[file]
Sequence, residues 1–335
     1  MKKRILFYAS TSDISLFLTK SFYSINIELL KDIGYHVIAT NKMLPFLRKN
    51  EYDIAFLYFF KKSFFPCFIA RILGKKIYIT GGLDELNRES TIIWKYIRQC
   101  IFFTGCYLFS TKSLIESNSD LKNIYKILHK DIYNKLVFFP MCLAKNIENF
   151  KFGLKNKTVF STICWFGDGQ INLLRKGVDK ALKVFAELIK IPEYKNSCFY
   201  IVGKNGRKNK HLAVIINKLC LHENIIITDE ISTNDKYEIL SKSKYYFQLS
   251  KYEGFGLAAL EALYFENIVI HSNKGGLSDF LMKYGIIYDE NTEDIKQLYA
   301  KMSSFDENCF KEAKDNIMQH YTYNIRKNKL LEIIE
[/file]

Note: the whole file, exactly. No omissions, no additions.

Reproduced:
Sequence, residues 1–335
     1  MKKRILFYAS TSDISLFLTK SFYSINIELL KDIGYHVIAT NKMLPFLRKN
    51  EYDIAFLYFF KKSFFPCFIA RILGKKIYIT GGLDELNRES TIIWKYIRQC
   101  IFFTGCYLFS TKSLIESNSD LKNIYKILHK DIYNKLVFFP MCLAKNIENF
   151  KFGLKNKTVF STICWFGDGQ INLLRKGVDK ALKVFAELIK IPEYKNSCFY
   201  IVGKNGRKNK HLAVIINKLC LHENIIITDE ISTNDKYEIL SKSKYYFQLS
   251  KYEGFGLAAL EALYFENIVI HSNKGGLSDF LMKYGIIYDE NTEDIKQLYA
   301  KMSSFDENCF KEAKDNIMQH YTYNIRKNKL LEIIE